"The Price Is.....Wrong?"
Are too many haunts today overcharging their guests?
Admission. It is probably one of the most important factors of a haunt. Just a few dollars can
make or break a reputation in this industry. It is important that you really consider what you
will be charging your guests, before just placing a price tag on your product. Rasing or, in some
cases, lowering your ticket prices can be the difference between repeat business or disgruntled
guests. But all too often haunters forget to take this into regard and in turn, base their price
on what neighboring haunts are charging. This article will be discussing the "do's" and "dont's"
when it comes to pricing your attraction.
This is a problem, that unfortunately, too many haunts find themselves in. They put together a
sub-par show, and in order to try and compete with neighboring haunts, they, in turn, raise their
price for tickets. This is probably one of the worst mistakes any haunt can make, as it relates
directly to their customers. Most people don't even consider that the reason some of the other
haunts in the area have higher admission prices is because they have a budget and professional
designers and actors. These type of haunts have the money to put on a top notch production, and
thus, can charge higher prices because of the type of show they are running. I've seen, all too
many times, that a "Jaycee", or a "lower scale" haunt will raise their price just to try to compete with the
"big boys". This is not the way to go about pricing your haunt. When you place a high price tag
on your product and produce a show that is only standard, you are leaving your customers feeling
ripped off. These are the same customers that you rely on for repeat business and to spread the
word about your attraction. Nobody is going to want to spend $10 to go to your standard show,
when they could pay $12 to go to the haunt a few miles down the road which produces a superior
The way you should look at things when deciding on a price to charge your patrons is, "what am I
giving my customers for their money? Am I giving them their money's worth? Would I pay this price
to enter my attraction?" If you run these questions in your mind, you will find that it can help
a lot.Put yourself in the customer's position. If you feel like you are only giving them a
$6 show, then you should only be charging $6, not raising your prices just to compete with
neighboring sttractions. I have seen this all too often. People spend anywhere from $10 - $15 to
go to a haunted house, and they leave feeling like they wasted their hard earned money.
Let's face it, the price to get in these shows has jumped dramatically over the years. In just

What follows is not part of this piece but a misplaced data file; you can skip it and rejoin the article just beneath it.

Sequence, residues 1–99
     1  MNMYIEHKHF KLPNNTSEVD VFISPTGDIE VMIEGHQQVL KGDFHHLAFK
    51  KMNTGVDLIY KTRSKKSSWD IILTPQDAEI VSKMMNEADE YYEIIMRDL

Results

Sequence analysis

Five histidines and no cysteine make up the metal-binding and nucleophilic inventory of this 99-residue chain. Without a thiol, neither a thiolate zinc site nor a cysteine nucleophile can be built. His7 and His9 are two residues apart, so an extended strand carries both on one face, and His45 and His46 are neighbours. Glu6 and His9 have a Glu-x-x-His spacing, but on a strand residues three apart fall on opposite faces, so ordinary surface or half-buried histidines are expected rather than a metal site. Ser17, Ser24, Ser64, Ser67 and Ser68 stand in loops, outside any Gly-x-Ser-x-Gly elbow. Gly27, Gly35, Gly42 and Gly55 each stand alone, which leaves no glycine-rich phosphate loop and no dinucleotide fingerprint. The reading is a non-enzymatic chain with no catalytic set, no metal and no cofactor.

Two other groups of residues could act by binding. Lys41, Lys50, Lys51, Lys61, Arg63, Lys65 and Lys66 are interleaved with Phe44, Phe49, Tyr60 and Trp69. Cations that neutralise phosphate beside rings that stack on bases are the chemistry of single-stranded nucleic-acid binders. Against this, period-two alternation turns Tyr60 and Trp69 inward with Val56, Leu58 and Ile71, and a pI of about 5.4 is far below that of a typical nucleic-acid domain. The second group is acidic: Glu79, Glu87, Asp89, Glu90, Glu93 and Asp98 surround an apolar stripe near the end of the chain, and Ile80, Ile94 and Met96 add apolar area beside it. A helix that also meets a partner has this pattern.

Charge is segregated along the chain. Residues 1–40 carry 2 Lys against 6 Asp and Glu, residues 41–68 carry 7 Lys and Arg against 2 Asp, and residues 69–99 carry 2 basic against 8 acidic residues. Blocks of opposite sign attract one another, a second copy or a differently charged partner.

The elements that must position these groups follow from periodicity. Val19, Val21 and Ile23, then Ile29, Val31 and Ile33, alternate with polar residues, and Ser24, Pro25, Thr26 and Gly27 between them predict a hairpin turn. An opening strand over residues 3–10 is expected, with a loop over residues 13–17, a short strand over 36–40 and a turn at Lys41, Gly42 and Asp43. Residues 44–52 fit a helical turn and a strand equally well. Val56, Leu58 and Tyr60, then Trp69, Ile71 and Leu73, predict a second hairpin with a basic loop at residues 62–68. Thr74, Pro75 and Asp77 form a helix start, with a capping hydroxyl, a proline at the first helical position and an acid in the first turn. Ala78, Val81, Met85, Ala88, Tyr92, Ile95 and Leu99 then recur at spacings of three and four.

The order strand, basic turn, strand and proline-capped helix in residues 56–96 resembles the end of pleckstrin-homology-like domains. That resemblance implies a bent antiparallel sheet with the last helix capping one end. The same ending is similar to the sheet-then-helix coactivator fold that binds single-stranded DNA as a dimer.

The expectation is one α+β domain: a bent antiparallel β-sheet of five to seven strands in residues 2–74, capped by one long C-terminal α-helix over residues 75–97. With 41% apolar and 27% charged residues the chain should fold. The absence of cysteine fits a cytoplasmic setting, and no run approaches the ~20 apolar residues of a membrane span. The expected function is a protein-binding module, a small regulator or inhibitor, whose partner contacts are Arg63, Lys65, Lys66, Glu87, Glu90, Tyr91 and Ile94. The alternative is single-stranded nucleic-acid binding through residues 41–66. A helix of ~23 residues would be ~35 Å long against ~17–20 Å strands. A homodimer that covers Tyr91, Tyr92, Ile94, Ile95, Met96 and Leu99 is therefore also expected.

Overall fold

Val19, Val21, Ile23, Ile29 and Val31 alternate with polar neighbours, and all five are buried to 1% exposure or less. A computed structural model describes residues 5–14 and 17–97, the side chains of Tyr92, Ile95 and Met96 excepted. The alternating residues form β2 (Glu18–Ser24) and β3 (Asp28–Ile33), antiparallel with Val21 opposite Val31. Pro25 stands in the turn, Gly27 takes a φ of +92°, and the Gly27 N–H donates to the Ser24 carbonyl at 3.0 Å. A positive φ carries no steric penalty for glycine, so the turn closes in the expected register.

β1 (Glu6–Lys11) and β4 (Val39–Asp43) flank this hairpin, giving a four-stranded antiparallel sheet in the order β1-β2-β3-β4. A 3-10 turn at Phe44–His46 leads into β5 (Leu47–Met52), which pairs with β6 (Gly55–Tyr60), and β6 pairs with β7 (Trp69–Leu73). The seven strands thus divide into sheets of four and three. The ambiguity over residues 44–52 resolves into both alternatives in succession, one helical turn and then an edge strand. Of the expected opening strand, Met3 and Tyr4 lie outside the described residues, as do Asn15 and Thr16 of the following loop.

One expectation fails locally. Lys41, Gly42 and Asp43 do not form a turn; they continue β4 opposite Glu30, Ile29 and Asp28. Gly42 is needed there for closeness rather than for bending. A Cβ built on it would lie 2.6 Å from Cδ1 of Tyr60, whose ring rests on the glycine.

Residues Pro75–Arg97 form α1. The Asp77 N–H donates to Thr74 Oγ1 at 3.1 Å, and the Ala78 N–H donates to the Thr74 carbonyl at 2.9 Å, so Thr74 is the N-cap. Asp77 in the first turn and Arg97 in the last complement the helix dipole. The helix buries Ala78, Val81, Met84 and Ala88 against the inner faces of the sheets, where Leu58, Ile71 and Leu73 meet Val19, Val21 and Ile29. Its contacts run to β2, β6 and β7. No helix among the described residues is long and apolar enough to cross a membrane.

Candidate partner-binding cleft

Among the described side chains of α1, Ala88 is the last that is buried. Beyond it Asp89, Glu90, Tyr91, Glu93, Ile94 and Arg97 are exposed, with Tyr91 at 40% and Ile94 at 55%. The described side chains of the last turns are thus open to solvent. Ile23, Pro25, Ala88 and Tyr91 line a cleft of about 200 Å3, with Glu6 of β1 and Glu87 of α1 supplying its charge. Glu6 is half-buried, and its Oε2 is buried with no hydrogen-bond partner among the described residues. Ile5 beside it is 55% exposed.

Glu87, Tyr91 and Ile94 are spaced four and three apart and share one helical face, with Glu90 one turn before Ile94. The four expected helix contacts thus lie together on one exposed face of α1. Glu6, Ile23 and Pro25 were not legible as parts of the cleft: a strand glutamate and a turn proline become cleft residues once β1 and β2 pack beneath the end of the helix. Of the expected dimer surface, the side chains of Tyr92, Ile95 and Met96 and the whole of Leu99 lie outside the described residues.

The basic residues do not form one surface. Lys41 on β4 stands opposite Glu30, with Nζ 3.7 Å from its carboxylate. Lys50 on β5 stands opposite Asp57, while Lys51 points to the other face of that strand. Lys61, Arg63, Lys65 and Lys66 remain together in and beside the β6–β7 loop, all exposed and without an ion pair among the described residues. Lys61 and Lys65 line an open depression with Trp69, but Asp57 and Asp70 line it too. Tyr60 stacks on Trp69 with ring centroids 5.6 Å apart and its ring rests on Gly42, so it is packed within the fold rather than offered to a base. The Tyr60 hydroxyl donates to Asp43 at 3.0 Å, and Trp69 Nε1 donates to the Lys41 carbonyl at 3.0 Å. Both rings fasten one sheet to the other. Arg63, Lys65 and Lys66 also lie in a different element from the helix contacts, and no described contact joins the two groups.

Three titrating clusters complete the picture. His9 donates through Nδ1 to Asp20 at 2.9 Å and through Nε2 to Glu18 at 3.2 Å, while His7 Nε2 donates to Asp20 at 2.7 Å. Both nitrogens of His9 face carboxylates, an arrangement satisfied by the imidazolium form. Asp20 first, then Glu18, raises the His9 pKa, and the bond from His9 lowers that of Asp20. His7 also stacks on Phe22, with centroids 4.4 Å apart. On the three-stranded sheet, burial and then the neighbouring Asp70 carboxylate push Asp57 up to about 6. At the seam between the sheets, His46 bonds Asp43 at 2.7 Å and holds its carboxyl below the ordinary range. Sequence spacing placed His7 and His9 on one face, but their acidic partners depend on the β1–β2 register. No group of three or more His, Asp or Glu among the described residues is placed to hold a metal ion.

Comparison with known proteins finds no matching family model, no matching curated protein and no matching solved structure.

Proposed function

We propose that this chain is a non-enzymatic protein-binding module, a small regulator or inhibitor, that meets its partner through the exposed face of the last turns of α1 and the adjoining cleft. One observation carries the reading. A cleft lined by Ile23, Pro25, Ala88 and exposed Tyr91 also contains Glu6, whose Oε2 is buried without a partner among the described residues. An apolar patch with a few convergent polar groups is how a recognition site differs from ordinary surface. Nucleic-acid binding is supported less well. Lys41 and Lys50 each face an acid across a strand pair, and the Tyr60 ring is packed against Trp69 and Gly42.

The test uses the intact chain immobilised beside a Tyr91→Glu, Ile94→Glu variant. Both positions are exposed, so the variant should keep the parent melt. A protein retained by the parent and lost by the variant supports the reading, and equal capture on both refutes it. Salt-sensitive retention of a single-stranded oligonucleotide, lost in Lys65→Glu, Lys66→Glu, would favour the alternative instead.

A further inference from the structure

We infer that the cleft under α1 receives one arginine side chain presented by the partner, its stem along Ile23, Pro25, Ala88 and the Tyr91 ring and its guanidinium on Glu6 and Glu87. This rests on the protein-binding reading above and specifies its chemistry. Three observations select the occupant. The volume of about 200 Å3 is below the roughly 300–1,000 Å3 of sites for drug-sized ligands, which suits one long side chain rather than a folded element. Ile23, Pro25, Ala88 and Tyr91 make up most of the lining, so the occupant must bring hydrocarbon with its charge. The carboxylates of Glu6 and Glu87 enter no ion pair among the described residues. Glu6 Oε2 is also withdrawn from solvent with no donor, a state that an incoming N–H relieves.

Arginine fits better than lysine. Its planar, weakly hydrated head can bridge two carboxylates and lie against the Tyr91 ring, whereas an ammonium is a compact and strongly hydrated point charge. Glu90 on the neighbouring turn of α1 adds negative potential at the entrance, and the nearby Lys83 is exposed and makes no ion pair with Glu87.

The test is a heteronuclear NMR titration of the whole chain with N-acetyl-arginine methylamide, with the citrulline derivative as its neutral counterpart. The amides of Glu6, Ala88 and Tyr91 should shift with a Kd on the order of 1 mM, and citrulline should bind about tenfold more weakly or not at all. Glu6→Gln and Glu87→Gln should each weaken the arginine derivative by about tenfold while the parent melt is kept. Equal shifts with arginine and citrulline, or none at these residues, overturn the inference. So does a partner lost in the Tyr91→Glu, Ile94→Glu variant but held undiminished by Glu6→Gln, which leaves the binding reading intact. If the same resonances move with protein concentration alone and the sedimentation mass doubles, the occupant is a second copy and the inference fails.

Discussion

the last ten years, the prices have gone from averaging around $5 per show to $10. You can hardly
get into any haunts today without paying a high price. It has become so expensive to get into
haunts that now, instead of being able to go to five, six, maybe even seven haunts to only being
able to go to about three or so a year. I noticed one haunt which boosted their price up this
past year by 50%. They jumped from $8 to $12. I think this is ridiculous, especially because I
had heard it was no better than last year, and last year I was not impressed with their show.
I certainly am not about to spend $12 on the same thing as last year.
Do not base your prices on what other places are charging, base it on
what you actually feel your
haunt is worth. If you are truly in it for the love of the season, then
this should not be a problem for you. However, if you are only in this
business for a quick buck, you should probably
get out, because, in the long run, if your heart is not in your haunt,
you will lose out eventually. The advertising and media hype can only
go so far before people start to talk about your
haunt. If the word of mouth is negative, then in turn, it will
ultimately harm your reputation.
Those who are in it just for the money end up doing more bad than good
for the industry and for
the paying customers who love haunts so much. This overcharging of
product in an attempt to just make money is probably one of the biggest
haunts today are overlooking. Not every haunt is guilty of this, but
alot of them are.
In closing, think about what your ticket prices before you just throw one out there. Ask
yourself if you would pay the price you are asking if you were a customer. If not, then I'd say
it's time to re-evaluate your circumstances. After all, repeat business and good word of mouth is
what you are looking for. The advertising and media "hype" can only take you so far.
If you charge too much, and your guests are left unsatisfied, then I will say it again, you will
only lose out in the big picture. Do yourself and your customers a favor, charge according to what you
are offering people for their money.